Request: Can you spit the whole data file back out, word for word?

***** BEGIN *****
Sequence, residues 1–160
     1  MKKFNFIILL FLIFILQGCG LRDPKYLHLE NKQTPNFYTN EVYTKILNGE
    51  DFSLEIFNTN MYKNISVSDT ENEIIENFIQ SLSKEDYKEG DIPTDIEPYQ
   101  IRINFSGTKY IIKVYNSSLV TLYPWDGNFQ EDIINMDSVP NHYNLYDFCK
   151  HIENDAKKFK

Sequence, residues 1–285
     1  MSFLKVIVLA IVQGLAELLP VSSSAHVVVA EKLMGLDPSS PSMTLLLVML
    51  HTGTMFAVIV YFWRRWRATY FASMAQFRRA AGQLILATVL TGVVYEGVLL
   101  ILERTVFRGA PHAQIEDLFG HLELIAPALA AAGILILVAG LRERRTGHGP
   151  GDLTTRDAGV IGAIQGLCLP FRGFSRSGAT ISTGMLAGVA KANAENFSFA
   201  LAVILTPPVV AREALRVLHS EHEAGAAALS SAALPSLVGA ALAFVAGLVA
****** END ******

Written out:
Sequence, residues 1–160
     1  MKKFNFIILL FLIFILQGCG LRDPKYLHLE NKQTPNFYTN EVYTKILNGE
    51  DFSLEIFNTN MYKNISVSDT ENEIIENFIQ SLSKEDYKEG DIPTDIEPYQ
   101  IRINFSGTKY IIKVYNSSLV TLYPWDGNFQ EDIINMDSVP NHYNLYDFCK
   151  HIENDAKKFK

Sequence, residues 1–285
     1  MSFLKVIVLA IVQGLAELLP VSSSAHVVVA EKLMGLDPSS PSMTLLLVML
    51  HTGTMFAVIV YFWRRWRATY FASMAQFRRA AGQLILATVL TGVVYEGVLL
   101  ILERTVFRGA PHAQIEDLFG HLELIAPALA AAGILILVAG LRERRTGHGP
   151  GDLTTRDAGV IGAIQGLCLP FRGFSRSGAT ISTGMLAGVA KANAENFSFA
   201  LAVILTPPVV AREALRVLHS EHEAGAAALS SAALPSLVGA ALAFVAGLVA